Seaweed + Your Skin
My recent intrigue for Bull Kelp, or Nereocystis, stems from the past year and a half since Alec and I really began foraging. Whenever we would be out at the coast, you could find him scoping out the beaches for Bull Kelp, and going on enthusiastically about trying his hand at making Bull Kelp pickles. But it wasn't until this past summer when I finally got to experience what he was talking about.
Since then, I've used the scraps from his Bull Kelp projects to experiment with my own, and it sent me down a rabbit hole of researching the benefits of the different vitamins and minerals in seaweeds common to the Pacific Coast of the United States.
If you take anything away from reading this, I hope that it is any of these three things: seaweeds are nutrient dense, they're packed with trace minerals and vitamins, and they're rich in Omega-3 fatty acids. For these reasons, adding different seaweeds to your diet and skincare routine can be super beneficial.
As our skin is our largest organ, most (though not all) of the vitamins and minerals found in different seaweeds can be absorbed transdermally (through our skin). While we can can experience some of their benefits through topical application, we do not experience them the same way we might by adding them to our meals, though more on that later.
Bull Kelp is a large, brown algae. A handful of the minerals found in this algae are calcium, phosphorus, magnesium, sodium, potassium, zinc, copper, manganese, and selenium. Below I try to break down a bit about how each of these minerals and trace elements interact with your skin.
Calcium: High calcium content in the upper epidermis helps maintain continual and efficient barrier functions, aka, helps your skin better protect itself. If you have dry skin, applying topical creams and oils with high calcium content may help combat the problems associated with dry skin. A function of calcium within the skin is to stimulate the skin's own age-protective and cancer-protective antioxidants. While science doesn't know the precise mechanisms or process, calcium content has been directly linked to the production of catalase and indirectly linked to superoxide dismutase, also known as two of the skin's most powerful antioxidants. Antioxidants prevent damage to the skin's collagen, and they prevent DNA damage that lead to premature aging of the skin as well as skin cancer. Therefore, products with ingredients that contain calcium may help in providing anti-aging benefits and enhance skin cancer protection. (Source)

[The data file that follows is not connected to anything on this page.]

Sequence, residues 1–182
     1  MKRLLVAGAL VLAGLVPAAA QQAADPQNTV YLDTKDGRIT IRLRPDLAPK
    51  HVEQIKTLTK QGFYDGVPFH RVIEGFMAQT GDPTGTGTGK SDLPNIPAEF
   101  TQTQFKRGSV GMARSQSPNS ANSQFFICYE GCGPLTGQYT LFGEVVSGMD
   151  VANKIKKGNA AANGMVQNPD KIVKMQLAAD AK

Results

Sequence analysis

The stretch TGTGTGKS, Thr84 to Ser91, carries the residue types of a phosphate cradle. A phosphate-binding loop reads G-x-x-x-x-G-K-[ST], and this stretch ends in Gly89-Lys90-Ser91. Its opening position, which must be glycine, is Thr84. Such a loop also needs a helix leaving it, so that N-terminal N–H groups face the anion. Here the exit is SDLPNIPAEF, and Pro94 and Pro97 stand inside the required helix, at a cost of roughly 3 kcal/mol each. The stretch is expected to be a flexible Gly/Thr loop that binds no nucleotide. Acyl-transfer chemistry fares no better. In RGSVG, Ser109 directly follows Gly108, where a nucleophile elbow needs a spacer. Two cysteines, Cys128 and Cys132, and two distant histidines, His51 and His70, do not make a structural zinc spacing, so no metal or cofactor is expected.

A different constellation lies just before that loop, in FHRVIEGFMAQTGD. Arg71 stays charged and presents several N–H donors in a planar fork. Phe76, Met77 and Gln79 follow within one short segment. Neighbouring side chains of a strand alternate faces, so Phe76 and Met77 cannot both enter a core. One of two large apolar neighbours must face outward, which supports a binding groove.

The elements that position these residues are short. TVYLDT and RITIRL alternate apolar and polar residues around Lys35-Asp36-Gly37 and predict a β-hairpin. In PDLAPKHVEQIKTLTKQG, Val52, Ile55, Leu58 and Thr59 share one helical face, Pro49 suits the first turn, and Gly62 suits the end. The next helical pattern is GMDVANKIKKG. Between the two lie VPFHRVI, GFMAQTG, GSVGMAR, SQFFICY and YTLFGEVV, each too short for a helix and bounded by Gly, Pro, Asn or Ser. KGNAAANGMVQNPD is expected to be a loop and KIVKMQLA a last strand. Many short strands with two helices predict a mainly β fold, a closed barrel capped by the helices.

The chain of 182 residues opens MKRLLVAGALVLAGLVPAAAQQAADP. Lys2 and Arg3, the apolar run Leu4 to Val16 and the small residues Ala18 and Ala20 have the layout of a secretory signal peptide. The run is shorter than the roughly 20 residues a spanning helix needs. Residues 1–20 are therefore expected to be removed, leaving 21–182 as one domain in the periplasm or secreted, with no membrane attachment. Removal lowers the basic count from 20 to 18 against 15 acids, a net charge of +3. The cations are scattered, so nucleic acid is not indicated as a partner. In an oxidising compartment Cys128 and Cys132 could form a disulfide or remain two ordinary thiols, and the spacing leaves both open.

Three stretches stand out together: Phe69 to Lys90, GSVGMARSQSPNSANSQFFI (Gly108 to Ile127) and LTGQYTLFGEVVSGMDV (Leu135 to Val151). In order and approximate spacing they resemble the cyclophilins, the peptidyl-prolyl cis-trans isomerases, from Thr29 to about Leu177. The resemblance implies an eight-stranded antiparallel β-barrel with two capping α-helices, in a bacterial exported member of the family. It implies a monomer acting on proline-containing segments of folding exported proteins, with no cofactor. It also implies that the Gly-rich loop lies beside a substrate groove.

Phosphorus: Almost all phosphorus in the human body is found as one of the chemical forms of phosphorus called phosphate. Phosphorus is required by almost every single metabolic process in the human body. It is also involved in the biochemical reactions governing the metabolism of carbohydrates, fatty acids, as well as in protein-metabolism. According to Registered Dietitian Lauren Burns, RD, LD, “Phosphorus is also a crucial component of phospholipids, a structural bilayer that supports the structure of every one of our cellular membranes. In other words, a healthy phosphorus balance means healthy cellular membranes (including skin cells)! Important to note is that phosphorus works to make our friend calcium more readily available.
Magnesium: Stimulates enzymatic activity in cells. Transdermal magnesium studies are very limited, and there are varying opinions on the body's ability to absorb it fully through the skin. However, some are of the belief that transdermal applications of magnesium enter the body quicker, bypassing the digestive system where many nutrients, including magnesium, are poorly absorbed. Magnesium is a natural muscle relaxant, which is why seaweed added to a bath might be extra soothing for muscle cramps, or why seaweed bath houses are so popular in places like Ireland! Magnesium also has a role in our muscular calcium regulation. Magnesium is absorbed into the epidermis to support over 300 enzymatic actions.